I’m starting to feel more apathetic towards these military shooters. They’re big and popular, but while some Call of Duty games can sort of manage to draw me in, the first iteration of Operation Flashpoint didn’t work for me and my recent experiences with Battlefield haven’t been great either. I want to say I’ve got a good feeling about the sequel, but I don’t expect to make it deep in.

Our Thoughts

I don’t think Operation Flashpoint: Dragon Rising improved on the first game… I still didn’t see any actual enemies, was killed out of nowhere and felt I mostly relied on the AI to deal with all of that. I guess it’s strategy, but not in a way that made me feel I was directing anything, more just spamming the attack button. I’m not sure if it’s the graphics or the game’s intentions, but since we’re not set up for sniping in that first mission, it still failed as much as it did before.

That lack of clarity continued as I progressed in the first mission. As part of the game’s semi-tutorial, you’re told to call in an air strike on a specific place. It took me several goes to trigger that… and then didn’t have it change anything. I couldn’t call a second strike, but while I thought I hit it, it wasn’t enough. Since I didn’t seem to get the option again, it felt like the mission just broke (I had no chance of defeating them), and so that was it, really.

With a game setting that’s generic army fare against bad guys, so that, too, didn’t give me a reason to keep going in the game.

Final Thoughts

While I’m sure the game works when you get into it, it just came across as broken to me, inaccessible and very much paint by numbers. It wasn’t worth the investment and it feels like other games do it better.

#934 Halo Wars

Posted: 25th May 2019 by Jeroen in Games
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786th played so far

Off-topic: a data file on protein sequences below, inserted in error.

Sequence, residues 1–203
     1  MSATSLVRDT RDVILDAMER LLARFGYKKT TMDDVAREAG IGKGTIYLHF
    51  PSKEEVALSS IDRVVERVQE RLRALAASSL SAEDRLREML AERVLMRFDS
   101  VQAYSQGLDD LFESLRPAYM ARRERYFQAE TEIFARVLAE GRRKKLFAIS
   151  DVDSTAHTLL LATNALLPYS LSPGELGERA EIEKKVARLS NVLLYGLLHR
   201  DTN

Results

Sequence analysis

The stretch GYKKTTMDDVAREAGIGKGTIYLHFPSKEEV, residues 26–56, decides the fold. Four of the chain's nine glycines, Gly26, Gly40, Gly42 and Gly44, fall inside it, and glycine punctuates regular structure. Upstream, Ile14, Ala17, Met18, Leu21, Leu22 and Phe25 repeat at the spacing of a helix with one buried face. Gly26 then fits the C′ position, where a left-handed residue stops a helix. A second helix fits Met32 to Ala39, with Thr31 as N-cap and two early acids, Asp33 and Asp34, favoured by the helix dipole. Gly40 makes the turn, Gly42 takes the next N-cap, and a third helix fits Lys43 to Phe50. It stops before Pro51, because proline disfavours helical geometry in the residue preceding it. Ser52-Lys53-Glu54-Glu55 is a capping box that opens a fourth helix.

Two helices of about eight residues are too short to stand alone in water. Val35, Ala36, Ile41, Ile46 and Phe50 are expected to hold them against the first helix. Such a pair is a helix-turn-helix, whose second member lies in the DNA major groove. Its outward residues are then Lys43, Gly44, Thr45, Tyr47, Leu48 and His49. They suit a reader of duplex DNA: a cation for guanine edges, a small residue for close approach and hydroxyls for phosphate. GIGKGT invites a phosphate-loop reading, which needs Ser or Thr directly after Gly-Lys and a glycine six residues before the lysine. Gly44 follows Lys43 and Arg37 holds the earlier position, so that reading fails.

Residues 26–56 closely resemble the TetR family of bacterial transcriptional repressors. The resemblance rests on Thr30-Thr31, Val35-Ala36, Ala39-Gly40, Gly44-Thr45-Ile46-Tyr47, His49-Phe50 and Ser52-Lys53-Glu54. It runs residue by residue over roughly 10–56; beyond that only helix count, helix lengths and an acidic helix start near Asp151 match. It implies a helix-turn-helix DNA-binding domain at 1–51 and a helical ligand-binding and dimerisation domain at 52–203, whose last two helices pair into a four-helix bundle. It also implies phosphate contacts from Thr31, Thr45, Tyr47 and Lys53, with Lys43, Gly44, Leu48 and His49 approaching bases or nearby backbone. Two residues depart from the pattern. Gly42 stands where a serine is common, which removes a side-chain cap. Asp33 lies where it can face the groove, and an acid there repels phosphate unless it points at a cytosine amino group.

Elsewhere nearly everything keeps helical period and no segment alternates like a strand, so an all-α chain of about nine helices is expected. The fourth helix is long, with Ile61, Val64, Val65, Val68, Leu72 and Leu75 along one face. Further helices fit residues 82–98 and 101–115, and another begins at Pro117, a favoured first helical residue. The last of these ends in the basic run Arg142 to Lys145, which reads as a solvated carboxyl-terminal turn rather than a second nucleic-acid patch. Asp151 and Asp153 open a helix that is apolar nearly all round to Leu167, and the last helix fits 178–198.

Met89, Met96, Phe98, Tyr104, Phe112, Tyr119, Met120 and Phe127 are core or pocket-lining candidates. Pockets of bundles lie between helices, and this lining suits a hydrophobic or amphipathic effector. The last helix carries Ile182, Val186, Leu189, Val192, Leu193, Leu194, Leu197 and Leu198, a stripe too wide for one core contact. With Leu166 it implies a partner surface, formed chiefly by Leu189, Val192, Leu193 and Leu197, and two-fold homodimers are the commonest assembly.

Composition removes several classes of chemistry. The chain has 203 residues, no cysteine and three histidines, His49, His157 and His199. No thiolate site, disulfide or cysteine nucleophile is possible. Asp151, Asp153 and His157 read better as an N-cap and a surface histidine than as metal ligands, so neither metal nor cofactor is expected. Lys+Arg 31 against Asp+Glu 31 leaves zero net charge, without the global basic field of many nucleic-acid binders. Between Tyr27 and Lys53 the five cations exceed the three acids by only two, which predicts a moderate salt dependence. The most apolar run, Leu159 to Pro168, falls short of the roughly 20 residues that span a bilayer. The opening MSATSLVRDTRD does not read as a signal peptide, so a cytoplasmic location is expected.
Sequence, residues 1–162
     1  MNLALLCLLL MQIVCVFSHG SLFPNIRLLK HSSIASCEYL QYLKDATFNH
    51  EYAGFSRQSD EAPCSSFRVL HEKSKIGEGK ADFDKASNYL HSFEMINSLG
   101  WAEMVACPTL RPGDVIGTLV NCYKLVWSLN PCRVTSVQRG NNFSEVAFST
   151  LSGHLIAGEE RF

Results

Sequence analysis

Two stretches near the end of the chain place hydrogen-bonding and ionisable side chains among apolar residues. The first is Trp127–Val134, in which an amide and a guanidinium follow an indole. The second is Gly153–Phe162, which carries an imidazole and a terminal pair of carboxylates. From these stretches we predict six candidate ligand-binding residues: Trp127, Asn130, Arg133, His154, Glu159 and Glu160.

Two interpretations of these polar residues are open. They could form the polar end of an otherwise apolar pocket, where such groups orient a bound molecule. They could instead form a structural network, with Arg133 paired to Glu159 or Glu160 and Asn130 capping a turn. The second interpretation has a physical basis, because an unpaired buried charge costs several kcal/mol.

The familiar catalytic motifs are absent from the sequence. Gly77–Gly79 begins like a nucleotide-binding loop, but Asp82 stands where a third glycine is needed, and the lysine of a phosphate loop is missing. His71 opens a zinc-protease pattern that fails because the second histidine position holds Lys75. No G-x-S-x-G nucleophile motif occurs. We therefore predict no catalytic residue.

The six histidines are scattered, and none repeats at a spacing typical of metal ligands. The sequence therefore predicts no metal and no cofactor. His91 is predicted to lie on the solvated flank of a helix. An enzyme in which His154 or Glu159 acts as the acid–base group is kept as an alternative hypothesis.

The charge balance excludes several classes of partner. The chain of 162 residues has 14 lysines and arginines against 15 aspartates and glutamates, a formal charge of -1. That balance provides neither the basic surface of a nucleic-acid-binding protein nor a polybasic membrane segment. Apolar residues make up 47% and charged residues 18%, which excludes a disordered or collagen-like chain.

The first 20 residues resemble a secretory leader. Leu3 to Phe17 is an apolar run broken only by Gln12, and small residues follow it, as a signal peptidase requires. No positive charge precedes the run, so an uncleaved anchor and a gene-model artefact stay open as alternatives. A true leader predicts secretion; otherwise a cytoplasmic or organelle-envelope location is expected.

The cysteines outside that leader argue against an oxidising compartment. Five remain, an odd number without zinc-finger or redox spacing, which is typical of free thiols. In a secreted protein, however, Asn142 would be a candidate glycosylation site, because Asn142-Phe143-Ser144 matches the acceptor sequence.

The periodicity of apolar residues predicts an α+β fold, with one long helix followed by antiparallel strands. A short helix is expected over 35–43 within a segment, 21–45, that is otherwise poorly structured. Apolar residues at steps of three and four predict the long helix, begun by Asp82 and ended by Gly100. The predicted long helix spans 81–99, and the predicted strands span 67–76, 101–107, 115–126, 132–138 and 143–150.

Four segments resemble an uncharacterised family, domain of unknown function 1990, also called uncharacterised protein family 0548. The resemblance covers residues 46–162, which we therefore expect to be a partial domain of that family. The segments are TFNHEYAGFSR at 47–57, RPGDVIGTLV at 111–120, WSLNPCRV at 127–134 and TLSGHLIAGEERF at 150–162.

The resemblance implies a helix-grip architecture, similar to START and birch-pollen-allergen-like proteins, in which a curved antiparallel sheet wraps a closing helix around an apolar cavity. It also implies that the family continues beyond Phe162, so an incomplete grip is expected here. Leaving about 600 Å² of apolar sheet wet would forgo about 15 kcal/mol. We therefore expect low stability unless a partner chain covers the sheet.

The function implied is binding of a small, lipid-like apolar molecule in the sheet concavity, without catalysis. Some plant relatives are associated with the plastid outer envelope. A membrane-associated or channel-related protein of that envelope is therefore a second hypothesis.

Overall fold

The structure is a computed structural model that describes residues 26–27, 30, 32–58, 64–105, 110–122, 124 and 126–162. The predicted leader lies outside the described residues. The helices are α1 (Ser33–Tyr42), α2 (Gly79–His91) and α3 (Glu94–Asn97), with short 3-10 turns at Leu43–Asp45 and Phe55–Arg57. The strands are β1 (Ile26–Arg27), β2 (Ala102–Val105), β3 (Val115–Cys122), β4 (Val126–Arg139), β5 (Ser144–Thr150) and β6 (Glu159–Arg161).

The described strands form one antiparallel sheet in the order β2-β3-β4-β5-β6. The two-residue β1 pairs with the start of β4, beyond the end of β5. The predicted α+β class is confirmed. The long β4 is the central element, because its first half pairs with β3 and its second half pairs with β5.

Genre: Strategy
Platform: Xbox 360
Year of Release: 2009
Developer: Ensemble Studios
Publisher: Microsoft Game Studios

I’ve played some console strategy games before, they lean more towards the tactical – something like Final Fantasy Tactics or Valkyria Chronicles, where you have a predefined set of units that you control individually. Larger grouped units in theĀ Command & Conquer mold, with more units you build as you go along, while growing the army and base building are a part of it.

Halo Wars isn’t the first to do so for a console, but it’s one of the few in the book. Not just that, we’re playing in the FPS focused Halo universe, which I’m not sure would overlap that much here. It’s a departure for the series, but as the shooter has some squad elements anyway, I can see where they’d come from.

Our Thoughts

Halo Wars simplifies the strategy formula enough to require less group interactions while keeping the same feel. It’s not something that’s new to the genre – earlier games have done so and in general it’s been trying to get more accessible – but I feel it’s the first time I’ve come across it here. Bases are simpler – you have a central building with several smaller ones around it, which fulfill the same roles as core buildings from other games – build infantry, artillery and so on. There’s fewer, and I believe only one that upgrades research (and even that’s streamlined), but the basics are all there. You have, on the other hand, still several unit types with their own abilities and I believe the usual triangle.